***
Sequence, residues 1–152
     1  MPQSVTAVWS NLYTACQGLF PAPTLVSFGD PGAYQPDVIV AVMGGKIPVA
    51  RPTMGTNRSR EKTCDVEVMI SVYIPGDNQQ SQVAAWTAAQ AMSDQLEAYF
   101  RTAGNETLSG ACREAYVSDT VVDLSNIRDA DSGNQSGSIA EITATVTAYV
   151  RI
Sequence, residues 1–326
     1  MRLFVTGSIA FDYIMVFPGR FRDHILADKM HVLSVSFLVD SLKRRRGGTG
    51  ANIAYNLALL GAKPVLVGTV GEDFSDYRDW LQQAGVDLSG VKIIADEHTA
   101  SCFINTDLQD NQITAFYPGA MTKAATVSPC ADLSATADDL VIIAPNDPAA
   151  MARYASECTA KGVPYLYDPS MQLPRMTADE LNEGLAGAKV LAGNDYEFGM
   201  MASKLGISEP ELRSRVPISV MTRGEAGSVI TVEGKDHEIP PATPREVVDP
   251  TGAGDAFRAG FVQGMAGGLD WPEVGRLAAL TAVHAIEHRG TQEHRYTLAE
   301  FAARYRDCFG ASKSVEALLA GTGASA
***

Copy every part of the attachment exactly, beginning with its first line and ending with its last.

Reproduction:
Sequence, residues 1–152
     1  MPQSVTAVWS NLYTACQGLF PAPTLVSFGD PGAYQPDVIV AVMGGKIPVA
    51  RPTMGTNRSR EKTCDVEVMI SVYIPGDNQQ SQVAAWTAAQ AMSDQLEAYF
   101  RTAGNETLSG ACREAYVSDT VVDLSNIRDA DSGNQSGSIA EITATVTAYV
   151  RI
Sequence, residues 1–326
     1  MRLFVTGSIA FDYIMVFPGR FRDHILADKM HVLSVSFLVD SLKRRRGGTG
    51  ANIAYNLALL GAKPVLVGTV GEDFSDYRDW LQQAGVDLSG VKIIADEHTA
   101  SCFINTDLQD NQITAFYPGA MTKAATVSPC ADLSATADDL VIIAPNDPAA
   151  MARYASECTA KGVPYLYDPS MQLPRMTADE LNEGLAGAKV LAGNDYEFGM
   201  MASKLGISEP ELRSRVPISV MTRGEAGSVI TVEGKDHEIP PATPREVVDP
   251  TGAGDAFRAG FVQGMAGGLD WPEVGRLAAL TAVHAIEHRG TQEHRYTLAE
   301  FAARYRDCFG ASKSVEALLA GTGASA